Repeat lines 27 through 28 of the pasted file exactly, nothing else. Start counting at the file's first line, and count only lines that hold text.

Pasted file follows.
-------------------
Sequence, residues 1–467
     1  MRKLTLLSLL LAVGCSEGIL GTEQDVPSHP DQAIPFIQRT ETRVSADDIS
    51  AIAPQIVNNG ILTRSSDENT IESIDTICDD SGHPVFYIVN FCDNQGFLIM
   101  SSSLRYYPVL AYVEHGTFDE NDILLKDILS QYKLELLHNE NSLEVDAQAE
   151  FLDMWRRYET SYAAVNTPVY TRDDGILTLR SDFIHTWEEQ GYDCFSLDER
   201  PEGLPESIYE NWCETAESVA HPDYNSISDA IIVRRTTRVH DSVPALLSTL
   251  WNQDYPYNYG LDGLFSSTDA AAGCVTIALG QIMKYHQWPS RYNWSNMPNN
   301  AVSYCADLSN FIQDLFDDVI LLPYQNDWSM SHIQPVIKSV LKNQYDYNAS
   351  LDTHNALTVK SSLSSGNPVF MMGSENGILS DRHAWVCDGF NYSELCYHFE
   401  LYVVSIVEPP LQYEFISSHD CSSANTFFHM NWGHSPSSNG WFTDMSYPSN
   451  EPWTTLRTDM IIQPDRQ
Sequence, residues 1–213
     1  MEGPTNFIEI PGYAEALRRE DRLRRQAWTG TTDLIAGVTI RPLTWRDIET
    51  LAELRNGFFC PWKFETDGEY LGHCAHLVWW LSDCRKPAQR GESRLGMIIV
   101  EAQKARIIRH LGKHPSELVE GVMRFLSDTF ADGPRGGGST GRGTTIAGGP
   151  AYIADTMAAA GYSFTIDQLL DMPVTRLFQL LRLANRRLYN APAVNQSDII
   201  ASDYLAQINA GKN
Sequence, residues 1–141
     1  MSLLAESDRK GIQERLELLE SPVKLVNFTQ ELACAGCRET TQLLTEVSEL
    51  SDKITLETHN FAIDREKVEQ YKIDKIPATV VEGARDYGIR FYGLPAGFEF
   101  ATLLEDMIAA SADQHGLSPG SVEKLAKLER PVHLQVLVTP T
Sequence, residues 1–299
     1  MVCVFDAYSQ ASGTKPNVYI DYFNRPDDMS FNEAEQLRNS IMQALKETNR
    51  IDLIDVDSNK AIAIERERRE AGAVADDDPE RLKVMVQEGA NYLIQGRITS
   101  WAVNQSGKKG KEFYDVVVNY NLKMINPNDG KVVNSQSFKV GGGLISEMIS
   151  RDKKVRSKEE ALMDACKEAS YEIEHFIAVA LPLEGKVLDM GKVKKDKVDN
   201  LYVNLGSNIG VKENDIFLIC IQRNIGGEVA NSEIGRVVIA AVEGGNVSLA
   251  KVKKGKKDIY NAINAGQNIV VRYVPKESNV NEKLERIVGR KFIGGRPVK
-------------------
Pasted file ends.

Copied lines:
   201  LYVNLGSNIG VKENDIFLIC IQRNIGGEVA NSEIGRVVIA AVEGGNVSLA
   251  KVKKGKKDIY NAINAGQNIV VRYVPKESNV NEKLERIVGR KFIGGRPVK